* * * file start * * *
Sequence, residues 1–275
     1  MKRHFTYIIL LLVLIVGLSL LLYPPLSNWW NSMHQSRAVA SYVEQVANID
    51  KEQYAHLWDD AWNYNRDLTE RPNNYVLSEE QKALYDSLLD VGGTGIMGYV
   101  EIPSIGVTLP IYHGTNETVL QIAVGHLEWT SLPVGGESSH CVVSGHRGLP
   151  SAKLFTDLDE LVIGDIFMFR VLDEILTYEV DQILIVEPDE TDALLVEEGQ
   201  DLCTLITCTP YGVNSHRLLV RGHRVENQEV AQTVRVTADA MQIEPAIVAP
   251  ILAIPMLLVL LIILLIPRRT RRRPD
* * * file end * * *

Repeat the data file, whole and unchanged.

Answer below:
Sequence, residues 1–275
     1  MKRHFTYIIL LLVLIVGLSL LLYPPLSNWW NSMHQSRAVA SYVEQVANID
    51  KEQYAHLWDD AWNYNRDLTE RPNNYVLSEE QKALYDSLLD VGGTGIMGYV
   101  EIPSIGVTLP IYHGTNETVL QIAVGHLEWT SLPVGGESSH CVVSGHRGLP
   151  SAKLFTDLDE LVIGDIFMFR VLDEILTYEV DQILIVEPDE TDALLVEEGQ
   201  DLCTLITCTP YGVNSHRLLV RGHRVENQEV AQTVRVTADA MQIEPAIVAP
   251  ILAIPMLLVL LIILLIPRRT RRRPD